View Full Version : List of international hiking trail

Flash Hand
10-27-2004, 18:22

I was planning on traveling around the globe after thru hike. I would like to know if there is any long popular hiking trail outside the United States. Where would it be? What is the trail name? Any list on any adventure would be greatly apprecriated so I can look in the website to dig out more information. That also include bicycling, canoeing, etc.

Flash Hand

10-27-2004, 18:36
If you are a member of ALDHA, you will receive the annual member directory. It lists several long distance trails, both the USA and out of country.

10-27-2004, 22:01
A really known one is he Santiago de Compostela pilgrimage in Spain (several routes, most common starts near the French border). I think it's about 500 miles. There are web sites with more info.

10-28-2004, 00:14
The TCT (Trans Canada Trail) when completed will be approximately 350 KM from end to end, you can find it at www.canadatrails.ca (http://www.canadatrails.ca) or simply doing a search for "hiking trails canada"

I remembered reading about this some time ago, If you have done the PCT or CDT, I am told by people I did the AT with, that I would really enjoy both of them, you may want consider doing first, while the rest of the world problems settle down a bit.

We americans are not so popular in some countries right now.

10-28-2004, 08:06
The TCT (Trans Canada Trail) when completed will be approximately 350 KM from end to end, you can find it at www.canadatrails.ca (http://www.canadatrails.ca) or simply doing a search for "hiking trails canada"

350 K is only about 200 plus miles. Did you leave off a "zero?"

10-28-2004, 09:49
according to the link above the whole TCT will be 10,000 miles when counting all of the branches of it. The straight East/West route will be 6200 miles. Sounds like a hike.:)

10-28-2004, 09:58
There are a few long trails in Europe, but nothing really the size of homegrown trails. America really is about the only country with an extensive trail system on public lands. However,

1) Nepal. The Khumbu (Everest region) is about a weeks walk from the closest road. So, the villagers (and all the tourists, like myself) have to hike to get around. The Annapurna region is, I suspect, more built up. If you have the cash and are not worried about the Maoists, there is a huge amount of land out west, but the Nepali government is fairly restrictive with this, except for wealthy people (AMC phenomenon).

2) Siberia. Some loons (whose friends I hiked with this summer) are doing a human powered trip to Moscow, starting somewhere in the new world. So, apparently it is possible to ski across Siberia in the winter time.

3) Bolivia. I suspect this is your best shot for long trekking in the New World. I've looked into a two month, mostly hiking and climbing trip with minimal busing. Some pretty tough stuff along with the last strong hold (okay, not really the last) of indigenous culture left.

4) Chile. Chile really isn't the third world, so going here really is like saying you're taking a trip to Portugal. However, there are extensive deserts in the north and in the south is Patagonia, which Chile shares with Argentina. I was supposed to do a three week trek, split between three areas, a couple of winters ago, but I got lazy and decided to laze around Nicaragua instead.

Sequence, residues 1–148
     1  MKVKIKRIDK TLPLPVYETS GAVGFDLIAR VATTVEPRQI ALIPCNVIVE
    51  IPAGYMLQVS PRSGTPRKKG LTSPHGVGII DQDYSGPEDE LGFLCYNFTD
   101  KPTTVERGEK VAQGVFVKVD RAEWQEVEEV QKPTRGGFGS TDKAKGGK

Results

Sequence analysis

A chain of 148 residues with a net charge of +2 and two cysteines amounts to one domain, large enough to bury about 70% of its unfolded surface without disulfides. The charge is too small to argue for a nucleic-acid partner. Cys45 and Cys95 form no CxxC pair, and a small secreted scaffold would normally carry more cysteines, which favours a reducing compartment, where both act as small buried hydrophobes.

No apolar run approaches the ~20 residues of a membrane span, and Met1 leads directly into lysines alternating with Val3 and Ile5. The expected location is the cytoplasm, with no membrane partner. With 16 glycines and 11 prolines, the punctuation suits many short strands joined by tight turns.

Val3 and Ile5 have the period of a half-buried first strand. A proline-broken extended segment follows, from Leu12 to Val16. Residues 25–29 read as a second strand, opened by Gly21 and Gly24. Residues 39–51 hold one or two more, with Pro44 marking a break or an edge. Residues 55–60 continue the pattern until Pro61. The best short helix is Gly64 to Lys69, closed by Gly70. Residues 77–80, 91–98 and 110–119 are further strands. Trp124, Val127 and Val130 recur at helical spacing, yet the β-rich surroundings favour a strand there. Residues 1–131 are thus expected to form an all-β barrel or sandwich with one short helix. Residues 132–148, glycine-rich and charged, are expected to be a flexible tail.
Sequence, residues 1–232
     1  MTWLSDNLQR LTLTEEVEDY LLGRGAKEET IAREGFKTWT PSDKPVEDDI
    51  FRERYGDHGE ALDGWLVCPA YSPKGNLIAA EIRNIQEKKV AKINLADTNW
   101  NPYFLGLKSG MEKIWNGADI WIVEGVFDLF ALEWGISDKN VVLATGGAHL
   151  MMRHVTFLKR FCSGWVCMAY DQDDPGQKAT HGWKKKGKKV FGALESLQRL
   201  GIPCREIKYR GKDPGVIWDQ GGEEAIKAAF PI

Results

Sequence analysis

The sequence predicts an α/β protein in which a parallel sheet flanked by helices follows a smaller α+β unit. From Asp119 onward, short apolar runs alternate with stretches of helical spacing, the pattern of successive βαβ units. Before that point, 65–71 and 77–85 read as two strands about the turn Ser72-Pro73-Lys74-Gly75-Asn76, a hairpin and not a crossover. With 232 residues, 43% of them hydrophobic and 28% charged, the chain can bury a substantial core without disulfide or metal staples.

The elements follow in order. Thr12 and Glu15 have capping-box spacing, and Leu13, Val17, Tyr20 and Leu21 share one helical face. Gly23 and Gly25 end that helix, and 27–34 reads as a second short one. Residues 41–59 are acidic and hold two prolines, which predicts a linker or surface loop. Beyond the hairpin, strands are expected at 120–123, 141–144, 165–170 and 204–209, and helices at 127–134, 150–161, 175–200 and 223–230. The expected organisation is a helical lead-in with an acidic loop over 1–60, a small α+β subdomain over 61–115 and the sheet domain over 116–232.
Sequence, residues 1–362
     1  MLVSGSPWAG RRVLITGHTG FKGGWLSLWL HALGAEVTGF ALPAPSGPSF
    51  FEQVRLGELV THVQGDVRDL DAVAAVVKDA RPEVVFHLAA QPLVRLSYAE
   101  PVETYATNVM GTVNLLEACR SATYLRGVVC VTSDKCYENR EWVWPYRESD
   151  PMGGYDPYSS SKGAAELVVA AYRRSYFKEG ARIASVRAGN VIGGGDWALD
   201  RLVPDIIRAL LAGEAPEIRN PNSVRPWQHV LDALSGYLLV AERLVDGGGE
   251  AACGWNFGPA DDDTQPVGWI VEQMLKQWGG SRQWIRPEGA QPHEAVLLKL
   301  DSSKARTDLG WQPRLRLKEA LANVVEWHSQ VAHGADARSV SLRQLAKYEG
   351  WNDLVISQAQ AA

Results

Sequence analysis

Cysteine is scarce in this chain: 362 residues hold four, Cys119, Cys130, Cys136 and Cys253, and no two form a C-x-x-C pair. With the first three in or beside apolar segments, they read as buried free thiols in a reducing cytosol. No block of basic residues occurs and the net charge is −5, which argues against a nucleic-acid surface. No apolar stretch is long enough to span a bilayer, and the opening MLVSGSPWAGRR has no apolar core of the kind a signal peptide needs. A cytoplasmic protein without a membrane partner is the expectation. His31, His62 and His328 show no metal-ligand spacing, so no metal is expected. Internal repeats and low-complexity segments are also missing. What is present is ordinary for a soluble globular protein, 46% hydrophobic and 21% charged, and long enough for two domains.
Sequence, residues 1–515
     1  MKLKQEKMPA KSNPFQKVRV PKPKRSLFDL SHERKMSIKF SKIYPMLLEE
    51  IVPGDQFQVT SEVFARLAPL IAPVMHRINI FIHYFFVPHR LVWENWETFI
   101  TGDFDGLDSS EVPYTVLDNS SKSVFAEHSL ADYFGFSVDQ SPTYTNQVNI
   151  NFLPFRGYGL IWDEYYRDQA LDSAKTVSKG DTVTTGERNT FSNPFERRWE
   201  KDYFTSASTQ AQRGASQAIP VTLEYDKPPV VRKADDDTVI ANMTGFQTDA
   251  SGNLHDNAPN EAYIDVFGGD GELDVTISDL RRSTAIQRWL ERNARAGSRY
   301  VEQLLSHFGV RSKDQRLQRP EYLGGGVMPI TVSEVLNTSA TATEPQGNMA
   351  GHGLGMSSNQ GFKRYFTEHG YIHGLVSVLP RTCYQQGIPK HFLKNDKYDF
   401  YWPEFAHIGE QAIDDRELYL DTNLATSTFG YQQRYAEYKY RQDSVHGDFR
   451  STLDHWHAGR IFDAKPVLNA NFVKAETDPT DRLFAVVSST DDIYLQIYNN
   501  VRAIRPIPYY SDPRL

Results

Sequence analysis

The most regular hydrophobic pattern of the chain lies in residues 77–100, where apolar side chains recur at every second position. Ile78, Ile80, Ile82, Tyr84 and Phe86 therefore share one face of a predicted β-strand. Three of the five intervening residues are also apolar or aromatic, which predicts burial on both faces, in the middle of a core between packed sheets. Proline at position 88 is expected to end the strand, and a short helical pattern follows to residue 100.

10-28-2004, 17:57
Yahoo (or Google):

"El Camino de Santiago", or just "Camino de Santiago" for many sites in many languages, but principaly in Spanish and English.

Arguably the oldest trail, following the migration route of the ancients from the north across the Pyrennes and turning gradually west across the mountainous areas of northern Spain, through the area now known as Santiago de Campostela, and beyond to the sea at finisterre, the end of the earth-as it was known then- thousands of years before the birth of Christ. The ancients were following the Milky Way in the western sky to the end of the earth. It was a trail made popular later as a pilgrimage after the 8th century by peoples from all over the Christian world, travelling to the Cathedral in Santiago (St. James the Apostle of Christ) where his remains are reported to be enterred.

I guess it is significant today that Santiago's symbol became the standard-bearer for the Reconquista during the seven hundred years the Spanish Christians fought to drive out the Moors (Islamic occupiers) from their divided country. He became to be known as "Santiago Matamoros" , loosly translated as " Santiago, killer of the moors" (Islamic soldiers) and it wasnt until 1492 that the last of them were kicked back across Gibralter to Africa. But, by then, the "Camino de Santiago" had already become a very established and popular trail which many thousands undertook yearly across Europe as a pilgrimidge to The city of Santiago de Campostela in Galicia in northern Spain. It is the same trail part of which was later paved with stones by Roman soldiers, a part of which Charlemagne followed three times.

The most popular part of the trail today is called the Via Frances, and is clearly marked with painted yellow arrows, like the white lines of the AT, and goes through St. Jean de Pied de Port on the French side of the Pyrennes, through Roncesvalles on the Spanish side, and on to Santiago, about 800 plus km distant. Your "credentials" can be picked up in St. Jean de Pied de Port, and they will be stamped in Albergues along the way to prove that you made the trek. In fact, one needs them to be able to stay in the albergues for a nominal cost of from 3-5 euros which sometimes includes a spartan continental breakfast.

One can do the walk of 500 plus miles in 4-5 weeks. The pagan portion of the trek, not sanctioned by the Church, continues on from Santiago to the sea near Finisterre, where tradition demands one burns ones clothes worn on the trek in a bonfire on the beach. I hope to do them both this spring.